City Librarian Margaret Hayes finally unveiled the latest sketch designs for the new city library at Parnell Square North earlier this week.
Part of the Parnell Square Cultural Quarter first floated back in April 2013, Hayes says the city library has long been an ambition of the council.
Said Dublin City Councillor Aine Clancy, of Labour: “I know the figures will be through the roof. Guinness Hop Store [sic] won’t be able to compete with this.”
Old and New
It’s taken a bit longer than expected to get to this point. An earlier timeline suggested that officials would apply for planning permission in early 2016. But councillors seem happy with what has emerged.
As the designs – which were put together by Grafton Architects and Shaffrey Associates – look now, the development will be a 50:50 split of old and new builds.
The new cultural space will occupy the terrace on Parnell Square North, which stretches from No. 27 up to the Hugh Lane Gallery and the Dublin Writers Museum. To the rear of the terrace, a substantial new building will house roughly half of the new library.
The new building, the main library, is proposed to go directly behind the terrace, where the old Colaiste Mhuire school is now. There are at least four public entrances planned at the moment, the main one at No. 27, to the left of the Hugh Lane.
For the design team, it’s taken some creativity to work with the breadth of buildings on the site. “They’ve grappled with a very interesting challenge,” said Dublin City Council architect Owen O’Doherty.
“There’s obviously quite a complex arrangement of buildings on the site, between the new build site, connections to the Hugh Lane and the network of Georgian rooms that will exist.”
Over five floors of new and existing buildings, the design team had to determine where a whole network of facilities would be housed.
As the designs look at the moment, visitors will enter through the main entrance at No. 27, which will also house, on the top floor, the conference facility, with the library reading rooms, literature and education centres located across the Georgian terrace.
A general lending area will house 150,000 items with 1,000 seats for readers and a children’s library on the lower ground floor. The third floor will cater to teens and young adults, and the first floor will have a reference library.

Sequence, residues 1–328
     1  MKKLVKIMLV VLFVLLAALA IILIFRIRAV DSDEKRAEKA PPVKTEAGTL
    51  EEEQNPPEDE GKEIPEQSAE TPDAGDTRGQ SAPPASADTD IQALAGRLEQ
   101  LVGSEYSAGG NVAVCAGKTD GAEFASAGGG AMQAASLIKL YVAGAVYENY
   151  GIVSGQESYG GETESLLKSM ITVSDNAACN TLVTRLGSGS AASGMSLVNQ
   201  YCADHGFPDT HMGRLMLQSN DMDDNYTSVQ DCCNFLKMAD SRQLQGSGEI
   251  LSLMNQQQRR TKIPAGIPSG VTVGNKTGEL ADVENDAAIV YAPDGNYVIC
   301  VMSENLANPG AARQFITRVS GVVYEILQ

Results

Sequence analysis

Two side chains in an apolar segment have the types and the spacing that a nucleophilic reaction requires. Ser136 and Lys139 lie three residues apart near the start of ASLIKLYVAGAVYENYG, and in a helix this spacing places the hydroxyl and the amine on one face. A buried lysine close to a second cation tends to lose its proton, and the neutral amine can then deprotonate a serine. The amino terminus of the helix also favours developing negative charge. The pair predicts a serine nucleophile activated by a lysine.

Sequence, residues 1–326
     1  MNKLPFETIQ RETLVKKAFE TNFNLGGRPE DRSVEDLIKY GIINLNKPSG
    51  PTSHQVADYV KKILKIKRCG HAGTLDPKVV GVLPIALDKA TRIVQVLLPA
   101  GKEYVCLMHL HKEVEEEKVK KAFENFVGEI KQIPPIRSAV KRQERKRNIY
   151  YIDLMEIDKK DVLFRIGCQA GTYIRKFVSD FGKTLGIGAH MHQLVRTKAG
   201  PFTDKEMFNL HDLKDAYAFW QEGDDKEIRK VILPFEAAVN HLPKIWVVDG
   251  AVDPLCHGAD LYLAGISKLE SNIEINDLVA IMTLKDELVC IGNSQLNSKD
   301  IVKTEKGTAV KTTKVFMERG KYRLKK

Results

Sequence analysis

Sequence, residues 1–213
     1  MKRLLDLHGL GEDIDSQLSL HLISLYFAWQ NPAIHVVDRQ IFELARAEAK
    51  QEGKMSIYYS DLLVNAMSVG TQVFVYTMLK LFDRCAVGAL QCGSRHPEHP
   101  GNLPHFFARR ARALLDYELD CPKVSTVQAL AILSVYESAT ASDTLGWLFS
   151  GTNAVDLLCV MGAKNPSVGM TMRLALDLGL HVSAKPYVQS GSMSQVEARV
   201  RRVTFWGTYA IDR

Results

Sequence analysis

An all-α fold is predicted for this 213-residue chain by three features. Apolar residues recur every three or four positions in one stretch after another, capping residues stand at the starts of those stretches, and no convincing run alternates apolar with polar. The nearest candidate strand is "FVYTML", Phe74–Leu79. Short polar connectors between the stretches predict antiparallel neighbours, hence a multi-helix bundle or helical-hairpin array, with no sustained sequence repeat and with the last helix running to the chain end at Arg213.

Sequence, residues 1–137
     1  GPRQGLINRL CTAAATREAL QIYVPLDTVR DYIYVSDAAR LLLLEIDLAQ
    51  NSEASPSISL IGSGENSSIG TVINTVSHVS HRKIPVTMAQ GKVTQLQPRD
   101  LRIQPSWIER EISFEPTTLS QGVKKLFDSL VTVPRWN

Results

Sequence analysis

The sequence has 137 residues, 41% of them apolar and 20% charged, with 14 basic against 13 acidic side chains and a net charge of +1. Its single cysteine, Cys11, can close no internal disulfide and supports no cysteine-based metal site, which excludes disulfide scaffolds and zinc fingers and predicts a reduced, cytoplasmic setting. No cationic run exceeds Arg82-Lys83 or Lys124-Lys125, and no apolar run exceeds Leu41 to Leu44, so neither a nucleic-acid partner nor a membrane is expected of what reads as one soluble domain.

An archive section, housing the Irish Theatre Archive, is proposed to be “wrapped around” by an exhibition space and will hold the paper collections of the Hugh Lane, said Hayes, the city librarian.
The design also includes an online learning service spread across several different floors, with 100 seats available. There is a planned innovation hub on the ground floor at No. 23, and a “Story House” with a space for readings, mainly on the second floor.
A 6,000-square-foot “Music Hub” is planned for the third floor, with music collections, music for listening and a 60-seater space for rehearsal and performance. There’s room for a conference centre with 200 seats and a nearby pop-up garden. The library designs also include roof gardens and a cafe.
The idea behind the sketch design is to create “an ensemble experience” for visitors, with permeability between the Georgian terrace, the Hugh Lane and the new build at the rear, says Hayes.
It’s a grand design, as many councillors noted, and there are still concerns about how exactly it will all be funded.
The project is estimated to have a €60 million price tag to be paid for by philanthropic donations. Real estate firm Kennedy Wilson have already donated €2.5 million to start the project off.
Willie White, the director of the Dublin Theatre Festival, queried whether the buildings would include retail space as a source of income.
The plan to finance the grand development hasn’t changed since the project’s launch; Kennedy Wilson will still spearhead a donation drive to bridge the gap. If this proves unsuccessful, a new model will have to be found, said Hayes.
There will be some revenue streams once the facility opens. “The intention is that there would be some retail associated with the café,” said Hayes.
“In relation to any income stream, we would be anxious to procure any such as might exist however the predominant use will be focused on the library and community use,” she said.